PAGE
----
In the FOCUS online fixed deposit comparison, a German bank is now causing a sensation. It offers 2.5 percent for one and 3.15 percent for two years – with solid German deposit insurance. With European competitors there are even 3.4 percent for two years.
Fixed deposit interest rates continue to rise. In the meantime, German banks are also offering attractive interest rates of more than three percent in some cases if savers commit themselves for a longer period.
A look at the 12-month fixed deposit, i.e. for a term of one year, already shows this. Here, European banks such as FIM Bank from Malta offer 3.05 percent interest. They are followed by six banks with 3.0 percent interest for one year. These are the Austrian branch of Banco do Brasil, Privatbanka from Slovakia, the Italian institutes Banca Sistema and Solution Banca as well as BAI from Portugal and Siaulia Bankas from Lithuania.
The Italian Solution Banca and the Portuguese BAI require a comparatively high minimum deposit of 10,000 euros. Banca Sistema and Siaulia Bankas, on the other hand, earn interest on their fixed-term deposits from as little as 5,000 euros, and Privatbanka from Slovakia accepts new customers from as little as 1,000 euros, and FIM and Banco do Brasil theoretically allow fixed-term deposits from as little as one euro; there is no minimum deposit.
At all three banks, deposits of up to EUR 100,000 are guaranteed by the state deposit insurance system prescribed in the EU.
However, the German institutes in the FOCUS online fixed-term deposit comparison are hardly inferior to these offers. To compare them, users only have to click on the German flag under the item “Show more criteria”. The result should raise the pulse of some savers: Aareal Bank is now offering 2.5 percent for a term of just one year. They are followed by Bank11 and PEAC Bank with 2.3 percent and pbb directly with 2.25 percent.
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Aareal even offers 3.15 percent per annum over a term of two years, Ford MONEY Bank offers 3.05 percent and pbb direct 3.0 percent. Bank11 took fourth place with 2.85 percent.
Even longer maturities, on the other hand, are hardly worthwhile: The EU leader Imprebanca from Italy offers 3.5 percent per annum for three-year fixed-term deposits and thus only 0.1 percentage points more for the best offer for two years. Among the German banks, Aareal and GEFA Bank are ahead with this term. Both offer 3.2 percent.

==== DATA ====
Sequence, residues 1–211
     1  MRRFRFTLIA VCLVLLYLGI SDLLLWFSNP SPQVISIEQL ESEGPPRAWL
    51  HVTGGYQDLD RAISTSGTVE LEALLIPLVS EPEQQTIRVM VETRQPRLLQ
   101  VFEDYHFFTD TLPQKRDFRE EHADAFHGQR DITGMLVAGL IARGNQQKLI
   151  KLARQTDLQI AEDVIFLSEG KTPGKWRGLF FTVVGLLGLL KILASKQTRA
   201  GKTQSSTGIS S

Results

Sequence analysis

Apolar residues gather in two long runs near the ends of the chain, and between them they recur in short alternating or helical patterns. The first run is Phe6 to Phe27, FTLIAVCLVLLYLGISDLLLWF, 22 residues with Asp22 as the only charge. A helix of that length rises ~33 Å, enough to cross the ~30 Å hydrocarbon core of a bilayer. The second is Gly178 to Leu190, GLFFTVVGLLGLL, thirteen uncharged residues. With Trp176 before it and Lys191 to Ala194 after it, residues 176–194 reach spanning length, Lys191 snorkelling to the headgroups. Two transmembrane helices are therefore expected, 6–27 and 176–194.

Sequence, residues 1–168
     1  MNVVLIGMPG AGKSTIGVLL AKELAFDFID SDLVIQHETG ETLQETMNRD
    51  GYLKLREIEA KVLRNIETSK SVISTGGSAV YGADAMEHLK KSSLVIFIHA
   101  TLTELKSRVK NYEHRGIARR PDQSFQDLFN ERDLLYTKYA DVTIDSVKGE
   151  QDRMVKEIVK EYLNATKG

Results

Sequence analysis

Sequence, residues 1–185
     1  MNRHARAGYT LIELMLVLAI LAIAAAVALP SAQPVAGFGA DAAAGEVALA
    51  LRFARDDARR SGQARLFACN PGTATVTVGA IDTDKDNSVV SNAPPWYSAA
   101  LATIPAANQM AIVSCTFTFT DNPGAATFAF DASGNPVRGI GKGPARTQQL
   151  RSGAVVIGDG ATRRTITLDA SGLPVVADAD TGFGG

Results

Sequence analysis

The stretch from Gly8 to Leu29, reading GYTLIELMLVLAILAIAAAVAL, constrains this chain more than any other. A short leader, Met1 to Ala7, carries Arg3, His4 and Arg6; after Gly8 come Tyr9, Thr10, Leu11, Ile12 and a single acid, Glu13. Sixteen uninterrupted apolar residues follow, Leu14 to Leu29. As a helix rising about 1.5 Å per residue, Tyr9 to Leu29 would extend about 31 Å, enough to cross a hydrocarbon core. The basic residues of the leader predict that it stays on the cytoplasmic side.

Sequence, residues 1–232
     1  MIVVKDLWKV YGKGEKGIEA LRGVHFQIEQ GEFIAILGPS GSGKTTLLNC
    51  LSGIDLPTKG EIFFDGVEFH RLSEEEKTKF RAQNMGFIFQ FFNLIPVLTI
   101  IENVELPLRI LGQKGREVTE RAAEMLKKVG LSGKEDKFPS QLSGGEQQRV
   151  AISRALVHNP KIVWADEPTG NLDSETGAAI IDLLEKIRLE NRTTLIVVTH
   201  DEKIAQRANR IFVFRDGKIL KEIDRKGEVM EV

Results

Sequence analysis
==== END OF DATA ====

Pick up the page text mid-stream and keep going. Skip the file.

On the other hand, if you only want to park your money for six months, you will find the best offer from a German bank at Bank11 with 1.75 percent. In other European countries, the FIM Bank (Malta) offers the highest interest at 2.55 percent, the BAI (Portugal) at 2.5 and the BNI (Portugal) at 2.45. The interest rates mentioned here are customary in the industry per annum, so with a term of six months, half of them are credited.
Would you rather remain flexible? Then you will find the current top offers for call money here. There, too, the current leader from Germany has interest rates of up to 2.1 percent, and a total of five banks now offer new customers 2.0 percent and more for fixed-term deposits.
Do you still have credit lying around in your savings book or even in your checking account with almost no interest? Then now is the time to switch. Start with a portion, then you can add more later if interest rates continue to rise.
Of course, the higher interest rates are still not enough to offset the rising inflation rate. But doing nothing is even more expensive: With a current interest-free balance of EUR 20,000, you are giving away EUR 630 in interest per year, which Aareal Bank, for example, would pay you if you committed yourself to two years.
Would you like to keep an eye on interest rates for a while longer? Then you should follow the current conditions regularly in the FOCUS fixed-term deposit comparison online.
Important: With fixed-term deposits, you determine at the beginning how long you will deposit the money. A premature disposal is usually not possible.
Tip: Since further interest rate increases are to be expected in the current competition, you should proceed in stages. With the so-called staircase strategy, you divide your savings into different pots. You invest your buffer for emergencies in the call money account, the other parts in fixed-term accounts for, for example, six months, twelve months and 24 months. In this way, you always remain flexible, even if interest rates continue to rise, and you can already use the next higher offer after 6 months.